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Oil Tanker Hits Bay Bridge Tower; No Spill Reported

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The Overseas Reymar in San Francisco Bay after brushing up against a Bay Bridge tower bumper. (CBS)

The Overseas Reymar in San Francisco Bay after brushing up against a Bay Bridge tower bumper. (CBS)

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SAN FRANCISCO (CBS/AP) – An empty oil tanker caused minor damage Monday when it struck a tower in the middle of the San Francisco-Oakland Bay Bridge while navigating beneath the hulking span, officials said.

The 752-foot Overseas Reymar rammed the tower about 11:20 a.m. as it headed out to sea, according to the Coast Guard and state transportation officials. It didn’t affect traffic on the busy bridge, which is the main artery between San Francisco and Oakland, Ney said.

OSG Ship Management Inc., which is the parent company that owns the Marshall Islands-registered ship, said the vessel hit an underwater portion of the massive bridge structure.

Investigators had not yet determined the cause of the crash.

“There’s always the human factor,” Coast Guard Lt. Cmdr. Shawn Lansing said. “That is again what we’ll look into and see whether, in fact, it was a human error or something else and take that into consideration in the development of future regulation.”

Visibility at the time was about a quarter-mile, but officials didn’t say if that was a factor.

There was no timetable for completing the investigation, Lansing said. The crew and captain of the ship will undergo drug and alcohol testing, per federal regulations. Inspectors also will examine the hull of the ship above and below water, Lansing said.

The mishap damaged about 30 to 40 feet of fender of steel and wooden timbers built onto the span to absorb the brunt of a ship’s collision, said California Department of Transportation spokesman Bart Ney.

The incident brought back memories of a major crash in 2007 that spilled 53,000 gallons of oil into the bay. Oil leaking from the Cosco Busan contaminated 26 miles of shoreline, killed more than 2,500 birds and delayed the start of the crab-fishing season.

The Overseas Reymar was not carrying oil as cargo on Monday, only fuel to power its engines, said Charlie Goodyear, a spokesman for the San Francisco Bar Pilots Association.

Coast Guard authorities said no oil or hazardous materials were reported to have leaked into the water. Still, officials spread 4,000 feet of absorbent material on the water to be safe.

No crew members on the ship were injured, and its hull appeared to suffer some scrapes and minor indentations but was not breached, Goodyear added.

“There’s all kinds of speculation as to whether the ship had been pushed into the fender by a strong tide, rather than a head-on collision,” Goodyear said. “In comparing this to 2007, this appears to be a much lesser impact.”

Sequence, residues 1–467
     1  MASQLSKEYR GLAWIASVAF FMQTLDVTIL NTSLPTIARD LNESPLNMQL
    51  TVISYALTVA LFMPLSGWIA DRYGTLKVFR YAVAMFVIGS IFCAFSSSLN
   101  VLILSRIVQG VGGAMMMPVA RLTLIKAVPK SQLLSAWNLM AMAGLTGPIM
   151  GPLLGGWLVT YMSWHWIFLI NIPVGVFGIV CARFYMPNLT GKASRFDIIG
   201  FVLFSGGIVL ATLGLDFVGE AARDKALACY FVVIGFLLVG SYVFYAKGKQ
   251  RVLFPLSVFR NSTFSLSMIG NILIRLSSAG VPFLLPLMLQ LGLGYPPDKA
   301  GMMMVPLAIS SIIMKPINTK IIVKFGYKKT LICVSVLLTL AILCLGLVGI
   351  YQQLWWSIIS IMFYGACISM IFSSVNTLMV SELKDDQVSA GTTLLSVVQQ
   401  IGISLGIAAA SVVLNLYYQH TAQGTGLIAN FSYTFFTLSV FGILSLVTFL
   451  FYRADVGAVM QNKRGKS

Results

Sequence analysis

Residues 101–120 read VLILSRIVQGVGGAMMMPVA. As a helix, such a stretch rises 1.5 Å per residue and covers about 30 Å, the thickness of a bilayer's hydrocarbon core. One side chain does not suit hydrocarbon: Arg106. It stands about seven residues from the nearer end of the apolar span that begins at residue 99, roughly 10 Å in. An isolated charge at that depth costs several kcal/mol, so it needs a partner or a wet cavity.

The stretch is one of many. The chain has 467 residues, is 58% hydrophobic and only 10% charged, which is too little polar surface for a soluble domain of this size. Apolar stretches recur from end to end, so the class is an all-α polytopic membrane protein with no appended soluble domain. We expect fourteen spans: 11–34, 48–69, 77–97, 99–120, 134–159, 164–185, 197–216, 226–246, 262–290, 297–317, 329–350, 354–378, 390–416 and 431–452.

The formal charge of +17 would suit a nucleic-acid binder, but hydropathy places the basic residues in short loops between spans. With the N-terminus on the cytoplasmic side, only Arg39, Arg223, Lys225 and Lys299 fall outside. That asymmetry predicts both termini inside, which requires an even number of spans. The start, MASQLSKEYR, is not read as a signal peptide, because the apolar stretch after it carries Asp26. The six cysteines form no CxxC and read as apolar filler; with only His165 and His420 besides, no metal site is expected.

The crew of the Overseas Reymar reported no loss of steering or propulsion, and initial investigations showed no water leaks from any of the ballast tanks, said Darrell Wilson, a spokesman for OSG.

“The ship’s crew safely anchored the vessel and made all proper notifications to the authorities,” Wilson said.

California Emergency Management Agency spokesman Jordan Scott said the structure of the bridge was fine. The tower of the bridge appeared to be fine from a distance, added California Department of Transportation spokesman Bart Ney.

“There is some damage to the vessel, but nothing that poses a danger to anybody,” Scott said. “A fire boat is out there to make sure it stays that way, and it should.”

The tanker docked west of Yerba Buena Island immediately following the crash, and the pilot was interviewed by the Coast Guard and the California Board of Pilot Commissioners for the Bays of San Francisco, San Pablo and Suisun, which regulates bar pilots.

The pilot has been a San Francisco bar pilot since 2005, Goodyear said. The association did not release his name.

State law requires a bar pilot to guide every large vessel — be it a luxury liner, a billionaire’s yacht, aircraft carrier or cargo ship — in, out and around the San Francisco Bay.

The pilots’ role came under intense scrutiny in the crash of the Cosco Busan. That ship’s pilot, Capt. John Cota, served a 10-month prison sentence after pleading guilty to two misdemeanor charges.

The companies responsible for the Cosco Busan paid close to $60 million for the cleanup and in criminal fines.

(Copyright 2013 by CBS San Francisco. All Rights Reserved. This material may not be published, broadcast, rewritten, or redistributed.)

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